Ten Tips on Getting All Clued Up on Youtube Drama
Is our infatuation with celebrity drama ever going to draw to a halt? Probably not. What kickstarted as boozy tabloid bust-ups, celebrity feuds and exposures, quickly hurdled into a TMZ virtual stratosphere in the noughties. Chiming into celeb beef is a certified guilty pleasure of the masses – whether we like to admit it or not. I can recall my pre-teen self scavenging through Perez Hilton dot com for any new developments in the Paris-Lohan feud. Yet now the infatuation has shifted from silver-screen starlets to the multi-millionaire beauty gurus who are causing a media frenzy – all from the comfort of their bedrooms.
Yes, specifically here I am talking about James Charles vs. Tati Westbrook. I have never watched a James Charles Youtube video, nor have I heard about Westbrook. In no way can I call myself a “sister” (the name of Charles superfans) and in the same instant, I can’t say I dislike him either. I know virtually nothing about either, but like many others, I became totally engrossed in their very public fall out. Though you don’t need me to fill you in on the lowdowns that caused their bust-up, there are Youtube channels wholly dedicated to ‘spilling the tea’ on these self-made make-up moguls. Channels aptly titled ‘DramaAlert’ and ‘Here For The Tea’ rake in views entering the millions. Their videos are lengthy, hyper-sensationalised exposés on Youtube’s biggest names – built off rumours circulating online and hush hush tip-offs.
Youtube friendships break up and make up faster than they do on the Corrie cobbles, and such drama channels are there to capitalise on the demise. Their videos are pulled from the “receipts” they find on Twitter and buried deep into the virtual universe that is Reddit – an online forum where users are free to join online discussions. Tidbits on the latest fiascos come through as solid facts – text message screenshots, voice notes and sometimes even leaked videos. Then there’s the speculative jargon. Information from a friend of a friend, who’s sister knows a friend who somehow knows the person(s) in question can flourish into a full-blown Youtube video which can rake in views in the hundreds of thousands.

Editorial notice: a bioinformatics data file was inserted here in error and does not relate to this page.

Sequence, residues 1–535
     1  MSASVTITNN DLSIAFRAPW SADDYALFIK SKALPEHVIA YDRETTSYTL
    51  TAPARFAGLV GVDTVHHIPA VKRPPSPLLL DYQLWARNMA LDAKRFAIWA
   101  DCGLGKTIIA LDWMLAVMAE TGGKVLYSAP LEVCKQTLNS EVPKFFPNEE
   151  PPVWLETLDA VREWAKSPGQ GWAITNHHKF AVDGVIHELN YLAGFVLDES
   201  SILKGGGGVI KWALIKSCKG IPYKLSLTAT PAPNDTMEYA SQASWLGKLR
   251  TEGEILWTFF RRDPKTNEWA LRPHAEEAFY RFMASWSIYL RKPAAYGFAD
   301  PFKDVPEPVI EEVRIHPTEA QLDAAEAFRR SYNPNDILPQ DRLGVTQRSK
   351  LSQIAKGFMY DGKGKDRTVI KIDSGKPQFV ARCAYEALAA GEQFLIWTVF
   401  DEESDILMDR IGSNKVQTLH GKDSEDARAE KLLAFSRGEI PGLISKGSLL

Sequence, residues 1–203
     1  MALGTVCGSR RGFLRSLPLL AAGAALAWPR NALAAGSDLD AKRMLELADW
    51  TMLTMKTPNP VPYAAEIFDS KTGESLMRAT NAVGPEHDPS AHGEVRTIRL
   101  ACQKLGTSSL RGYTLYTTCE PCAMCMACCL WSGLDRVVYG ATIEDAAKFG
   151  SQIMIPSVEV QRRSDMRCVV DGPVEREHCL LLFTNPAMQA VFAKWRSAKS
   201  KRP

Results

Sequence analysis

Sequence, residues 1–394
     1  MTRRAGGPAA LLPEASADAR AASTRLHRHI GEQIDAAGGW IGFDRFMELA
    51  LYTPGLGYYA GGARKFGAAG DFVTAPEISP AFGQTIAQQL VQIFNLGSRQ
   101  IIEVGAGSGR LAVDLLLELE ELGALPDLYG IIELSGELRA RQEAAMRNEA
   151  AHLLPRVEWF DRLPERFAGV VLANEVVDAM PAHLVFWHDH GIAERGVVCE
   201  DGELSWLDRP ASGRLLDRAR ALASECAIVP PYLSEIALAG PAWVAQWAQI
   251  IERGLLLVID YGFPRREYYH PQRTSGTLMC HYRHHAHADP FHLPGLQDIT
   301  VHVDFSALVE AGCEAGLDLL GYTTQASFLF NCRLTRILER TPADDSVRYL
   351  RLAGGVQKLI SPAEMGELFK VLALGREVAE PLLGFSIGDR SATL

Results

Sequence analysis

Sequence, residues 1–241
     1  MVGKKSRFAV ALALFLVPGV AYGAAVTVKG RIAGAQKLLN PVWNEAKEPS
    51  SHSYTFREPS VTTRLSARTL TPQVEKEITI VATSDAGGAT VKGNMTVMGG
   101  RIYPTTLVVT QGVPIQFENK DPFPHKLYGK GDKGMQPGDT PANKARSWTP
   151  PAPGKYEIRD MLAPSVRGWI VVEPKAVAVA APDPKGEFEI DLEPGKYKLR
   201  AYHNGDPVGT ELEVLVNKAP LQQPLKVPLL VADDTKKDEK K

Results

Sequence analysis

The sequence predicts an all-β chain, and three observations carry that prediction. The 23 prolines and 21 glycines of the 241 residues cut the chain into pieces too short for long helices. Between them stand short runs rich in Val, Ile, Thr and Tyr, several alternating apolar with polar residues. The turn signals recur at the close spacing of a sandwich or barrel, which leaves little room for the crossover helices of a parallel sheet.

More and more people are capitalising on this culture. Remember Nick Snider? Once a face of Prada eyewear, the model-cum-online sensation once infamously offered sexual favours to a police officer following his arrest for public drunkness back in 2010. Now he’s known to most as The Viewers Voice, the Youtube drama channel who’s video chiming in on the ‘exposing of James Charles’ reached over 800 thousand views. Such videos capitalise on our tendency to procrastinate. All it takes is for one click-bait video to plonk itself onto my Youtube suggested page and a quick little break from writing turns into a forty-minute detour into the deepest corners of a drama between two Youtubers I probably don’t know anything about. It’s as petty as it is catty, but we are hooked. These Youtube drama channels are spilling the tea whilst we eagerly wait to sip the dregs.